Op-Ed by MSFEA Dean Alan Shihadeh for the An-Nahar AUB Special Issue.
I write this piece while in route from Beirut to Munich, where I will be attending a scientific conference and hopefully meeting with some of my former students who now work at BMW. There they are working on the next generation of manufacturing robots, using tools from the world of artificial intelligence; their supervisors at BMW want me and my fellow deans of engineering schools in Lebanon to send more of our graduates. Our students are in high demand, but not in Lebanon. As I contemplate my own children's coming of age, I share the restlessness of many parents at the thought that our children too will need to go abroad to lead fulfilling lives doing creative work. This story is a familiar one to any Lebanese ear, and normally ends in some variation of the futility of hope in the face of a corrupt, entrenched political elite that pursues cronyism instead of a vibrant, sustainable economy.
Buckminster Fuller said that there is nothing in a caterpillar that suggests it is going to be a butterfly. As Dean of a storied engineering and architecture school, part of my job is to create learning experiences that empower our students to imagine and make a new reality. To do so we are moving our curricula towards integrative design; the notion that problems are best framed holistically. Rather than focusing on the caterpillar or the butterfly in isolation, we seek to address them as an integrated whole.
We are all familiar with Lebanon's chronic electricity shortage and frequent power outages. This has led to the proliferation of diesel generators whose noise raises our blood pressure and grates our nerves, and whose emissions bring asthma and cancer and lower our children's IQs. The frequent outages also mean more imports of UPS systems and household appliances that prematurely burn out, creating an additional financial burden on families. More imports, in turn, tend to strengthen the political class that controls the ports, while spent UPS batteries end up in landfills, leaving a toxic legacy of lead to seep into our ground for generations to come. Diesel generators solved one problem by creating one hundred more.
What might a more integrative approach to energy shortages look like? Lebanon's electricity demand is largely driven by refrigeration, heating, cooling, and lighting of buildings. If we could reduce that demand enough, our outages could go away, as would a large part of Lebanon's annual fuel imports. Fuel imports are another drain on the economy. What if all building permit applications were obliged to include detailed analyses of projected energy use and required that the building designs met a stringent annual energy standard, as demonstrated by advanced computer simulations?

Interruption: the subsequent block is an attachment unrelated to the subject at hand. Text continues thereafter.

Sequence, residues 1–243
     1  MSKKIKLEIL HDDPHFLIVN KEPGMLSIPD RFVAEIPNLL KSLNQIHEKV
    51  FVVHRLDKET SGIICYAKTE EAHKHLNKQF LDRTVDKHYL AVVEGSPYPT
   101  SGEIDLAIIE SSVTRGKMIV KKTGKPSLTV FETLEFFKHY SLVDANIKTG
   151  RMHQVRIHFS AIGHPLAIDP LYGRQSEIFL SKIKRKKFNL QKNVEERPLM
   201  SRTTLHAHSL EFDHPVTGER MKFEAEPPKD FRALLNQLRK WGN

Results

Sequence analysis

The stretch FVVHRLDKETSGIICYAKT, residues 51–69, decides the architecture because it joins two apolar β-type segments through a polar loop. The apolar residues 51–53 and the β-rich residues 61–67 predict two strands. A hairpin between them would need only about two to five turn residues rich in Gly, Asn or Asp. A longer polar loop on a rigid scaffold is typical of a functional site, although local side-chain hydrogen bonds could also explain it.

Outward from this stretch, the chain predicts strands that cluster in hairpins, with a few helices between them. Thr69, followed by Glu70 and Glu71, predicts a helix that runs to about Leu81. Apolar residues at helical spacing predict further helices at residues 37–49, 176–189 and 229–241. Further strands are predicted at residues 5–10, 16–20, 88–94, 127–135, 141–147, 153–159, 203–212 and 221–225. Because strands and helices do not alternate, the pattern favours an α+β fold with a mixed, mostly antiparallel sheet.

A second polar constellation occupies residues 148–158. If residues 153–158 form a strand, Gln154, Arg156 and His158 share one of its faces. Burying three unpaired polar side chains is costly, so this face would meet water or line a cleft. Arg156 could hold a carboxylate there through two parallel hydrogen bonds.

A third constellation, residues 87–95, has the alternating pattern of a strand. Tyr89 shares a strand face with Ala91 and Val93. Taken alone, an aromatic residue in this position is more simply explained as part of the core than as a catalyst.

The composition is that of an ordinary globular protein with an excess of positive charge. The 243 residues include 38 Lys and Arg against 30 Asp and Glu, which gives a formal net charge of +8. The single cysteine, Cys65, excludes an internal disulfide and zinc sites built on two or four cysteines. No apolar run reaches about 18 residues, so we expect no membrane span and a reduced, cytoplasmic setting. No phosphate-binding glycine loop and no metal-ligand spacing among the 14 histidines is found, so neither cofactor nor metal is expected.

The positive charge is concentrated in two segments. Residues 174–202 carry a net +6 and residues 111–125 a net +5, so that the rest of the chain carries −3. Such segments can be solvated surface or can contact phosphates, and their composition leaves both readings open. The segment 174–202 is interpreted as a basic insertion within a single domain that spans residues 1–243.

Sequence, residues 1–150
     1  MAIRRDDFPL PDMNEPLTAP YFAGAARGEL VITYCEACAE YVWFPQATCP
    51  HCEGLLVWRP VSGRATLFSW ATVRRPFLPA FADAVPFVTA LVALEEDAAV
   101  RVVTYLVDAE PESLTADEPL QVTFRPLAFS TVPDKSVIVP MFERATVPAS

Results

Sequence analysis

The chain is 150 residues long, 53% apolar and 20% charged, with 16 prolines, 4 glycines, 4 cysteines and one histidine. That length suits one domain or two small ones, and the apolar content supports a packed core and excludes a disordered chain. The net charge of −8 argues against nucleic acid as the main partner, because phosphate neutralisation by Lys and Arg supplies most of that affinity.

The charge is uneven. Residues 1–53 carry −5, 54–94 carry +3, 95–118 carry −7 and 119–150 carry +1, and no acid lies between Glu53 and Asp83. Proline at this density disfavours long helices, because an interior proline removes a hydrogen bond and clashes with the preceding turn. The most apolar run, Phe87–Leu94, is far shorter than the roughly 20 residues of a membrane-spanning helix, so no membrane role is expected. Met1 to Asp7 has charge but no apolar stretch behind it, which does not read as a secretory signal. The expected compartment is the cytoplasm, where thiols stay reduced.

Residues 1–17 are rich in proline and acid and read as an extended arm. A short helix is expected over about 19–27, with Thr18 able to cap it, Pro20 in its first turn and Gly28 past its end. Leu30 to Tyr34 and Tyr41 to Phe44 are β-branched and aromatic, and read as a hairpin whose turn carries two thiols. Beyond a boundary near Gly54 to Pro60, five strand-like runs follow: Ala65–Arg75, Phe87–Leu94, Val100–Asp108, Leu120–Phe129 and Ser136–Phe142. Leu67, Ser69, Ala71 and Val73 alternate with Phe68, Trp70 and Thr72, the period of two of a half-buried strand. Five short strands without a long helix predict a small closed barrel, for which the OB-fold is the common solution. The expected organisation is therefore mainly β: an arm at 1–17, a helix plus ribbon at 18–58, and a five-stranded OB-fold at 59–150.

Very rapidly, such a move would create demand for a cadre of energy engineers, architects, and building physicists to serve one of Lebanon's few indigenous industries: construction. It would mean that a larger fraction of construction costs go into the creative exercise of design, and a smaller fraction to imported cooling equipment. Last winter I visited energy guru Amory Lovins in his home in the snowy mountains of Colorado, where temperatures reach below -30C. By carefully orienting windows and walls with respect to the sun, integrating structural elements with natural lighting, and using multiply-glazed windows and massive walls, his home provides a comfortable year-around interior temperature and has no mechanical heating system, and therefore no heating bill. It was built in 1984, and by standards at that time, was not especially high-tech, but rather reflected high design.
We know that a more energy efficient economy is a more competitive one, and with regular tightening of building efficiency standards, Lebanon could become known for its radically efficient design culture, the way it is known for its food and fashion design. Our children could work in – or start – cutting-edge design firms that focus on radical efficiency, and with high-speed internet, they could provide their design services anywhere in the world. Diesel generators would go silent because they became unnecessary, even without fixing our decrepit infrastructure. With a tweak to our building permitting criteria, integrative design can become an economic engine that runs not on imported fuel and equipment, but rather on Lebanon's home-grown talent and knack for design.
For more about the An-Nahar AUB Special Issue of September 27, 2018 read here.